I love Disney movies – really, I do. And yet, I recently re-watched Disney adaptation of The Hunchback of Notre Dame for the first time as an adult, and it forced me to accept that the House of Mouse occasionally releases a flick so flat-out bonkers, it makes you wonder what exactly everyone involved was thinking. The next thing you know, I was sifting through 78 years of Walt Disney Animation Studios history to weed out the entries that missed the mark, and I’ve rounded-up my top five picks below.
I know – sacrilege, right? But while Fantasia is certainly a fine example of the craftsmanship present during the Golden Age of Animation, as an actual film, it’s always left me a little cold.
On the one hand, you’ve got to give ol’ Walt props for trying something different – and you don’t get more different than a 2-hour series of animated vignettes set to classical music. But as a child I struggled to make it all the way through (although I was always enthralled by the “Night on Bald Mountain” sequence), and even as an adult, parts of the movie still drag, despite all the visual panache on display.
As a kid and as a grown-up, my main complaint is the same: I don’t really connect to films without any real plot or characters. It’s why I always jump up in my seat when “The Magician’s Apprentice” segment rolls around, because it stars an actual protagonist – Mickey – facing a clearly defined problem framed by a (basic) narrative. So, ultimately, Fantasia is proof that the visual artistry and technical craft that makes Disney animation so legendary is nothing without the well-developed stories and characters that earmark the studio’s best offerings.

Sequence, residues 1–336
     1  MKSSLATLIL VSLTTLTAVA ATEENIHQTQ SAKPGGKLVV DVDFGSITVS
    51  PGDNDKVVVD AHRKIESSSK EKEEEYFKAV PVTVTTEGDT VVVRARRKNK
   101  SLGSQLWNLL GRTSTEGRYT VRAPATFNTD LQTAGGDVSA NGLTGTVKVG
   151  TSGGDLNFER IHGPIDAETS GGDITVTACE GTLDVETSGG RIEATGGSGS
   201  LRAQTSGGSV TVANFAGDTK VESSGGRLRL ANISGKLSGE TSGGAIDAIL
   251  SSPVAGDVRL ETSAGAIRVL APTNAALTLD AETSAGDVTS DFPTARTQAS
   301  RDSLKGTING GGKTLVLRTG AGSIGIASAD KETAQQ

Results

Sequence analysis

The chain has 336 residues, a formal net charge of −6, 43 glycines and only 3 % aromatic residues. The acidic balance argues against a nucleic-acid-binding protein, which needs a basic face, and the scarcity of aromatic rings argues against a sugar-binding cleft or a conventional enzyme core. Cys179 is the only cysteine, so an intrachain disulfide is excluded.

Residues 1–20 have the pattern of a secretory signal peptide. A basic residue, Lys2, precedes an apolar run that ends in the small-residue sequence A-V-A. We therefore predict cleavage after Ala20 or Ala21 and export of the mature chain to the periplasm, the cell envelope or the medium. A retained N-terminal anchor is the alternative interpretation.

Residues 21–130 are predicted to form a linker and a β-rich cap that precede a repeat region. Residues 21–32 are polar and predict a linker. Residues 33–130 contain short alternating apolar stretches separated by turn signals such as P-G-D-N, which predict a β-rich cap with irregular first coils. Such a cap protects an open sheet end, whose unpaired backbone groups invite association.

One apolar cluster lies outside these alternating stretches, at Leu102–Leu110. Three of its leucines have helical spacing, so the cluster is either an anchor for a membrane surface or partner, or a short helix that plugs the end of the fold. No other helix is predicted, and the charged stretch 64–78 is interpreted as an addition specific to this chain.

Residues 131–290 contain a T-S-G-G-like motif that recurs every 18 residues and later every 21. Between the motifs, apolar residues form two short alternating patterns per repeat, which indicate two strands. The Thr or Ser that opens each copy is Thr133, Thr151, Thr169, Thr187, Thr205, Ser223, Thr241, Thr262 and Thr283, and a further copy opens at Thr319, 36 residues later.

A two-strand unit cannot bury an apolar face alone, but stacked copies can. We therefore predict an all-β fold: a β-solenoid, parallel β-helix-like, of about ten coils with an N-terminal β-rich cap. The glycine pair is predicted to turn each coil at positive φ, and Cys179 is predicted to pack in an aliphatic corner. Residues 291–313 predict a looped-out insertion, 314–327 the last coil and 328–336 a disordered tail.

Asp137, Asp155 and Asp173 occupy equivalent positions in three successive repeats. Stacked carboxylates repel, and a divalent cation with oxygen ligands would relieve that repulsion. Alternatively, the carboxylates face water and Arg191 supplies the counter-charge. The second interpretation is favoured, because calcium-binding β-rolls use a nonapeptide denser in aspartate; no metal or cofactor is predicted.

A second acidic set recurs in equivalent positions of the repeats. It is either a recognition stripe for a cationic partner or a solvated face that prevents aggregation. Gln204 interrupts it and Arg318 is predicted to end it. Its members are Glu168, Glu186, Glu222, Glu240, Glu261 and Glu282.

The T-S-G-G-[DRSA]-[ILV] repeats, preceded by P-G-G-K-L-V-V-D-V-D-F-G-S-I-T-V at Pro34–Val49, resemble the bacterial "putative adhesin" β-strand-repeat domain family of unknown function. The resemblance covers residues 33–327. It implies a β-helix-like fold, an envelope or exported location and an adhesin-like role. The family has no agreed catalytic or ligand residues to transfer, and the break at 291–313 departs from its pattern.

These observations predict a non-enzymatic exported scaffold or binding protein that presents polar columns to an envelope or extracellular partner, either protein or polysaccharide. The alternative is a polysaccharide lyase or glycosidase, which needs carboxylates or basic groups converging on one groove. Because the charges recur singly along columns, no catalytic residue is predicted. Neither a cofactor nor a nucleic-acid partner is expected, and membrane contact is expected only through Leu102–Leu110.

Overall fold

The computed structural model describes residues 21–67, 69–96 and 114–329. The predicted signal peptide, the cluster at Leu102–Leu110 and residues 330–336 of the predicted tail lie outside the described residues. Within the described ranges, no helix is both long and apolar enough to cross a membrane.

A lot of people tend to forget about Hercules. Back in 1997, Disney took the epic and pathos-laden story of everyone’s favourite strongman and turned it into a mash-up of Superman: The Movie and Greco-Roman mythology. Along the way, they layered in commentary about heroism and celebrity, and handed the narration duties over to a sassy gospel singing troupe.
Admittedly, that sounds pretty awesome, and overall, Hercules works pretty well. There are some decent songs – “Go The Distance” is a great power ballad – and the monster battle set pieces are thrillingly realised. What’s more, James Woods (as the wisecracking Hades) and Danny DeVito (as gruff satyr Phil) are both a lot of fun.
But it all feels like a bit of a missed opportunity to do something grander, in the vein of The Lion King or Beauty and the Beast. Instead, we’re left with a solidly entertaining flick that you’ll be forgiven for forgetting about almost the moment after you’ve seen it.
By all accounts, Pocahontas was developed with the well-intentioned idea of preaching racial harmony and condemning social and environmental exploitation. Even so, re-casting the historical meeting between the Powhatan tribe and British settlers as an inspiring love story really doesn’t fly, for obvious reasons.
No matter how respectfully the Pocahontas team tried to be towards Native American culture, giving it a Disney spin it was always going cause problems (way to rob them of one more thing, guys). As well as any cultural offence caused, the whole thing also feels a little pretentious; the Disney staff all thought this would be the studio’s next big prestige picture, and that self-importance shows.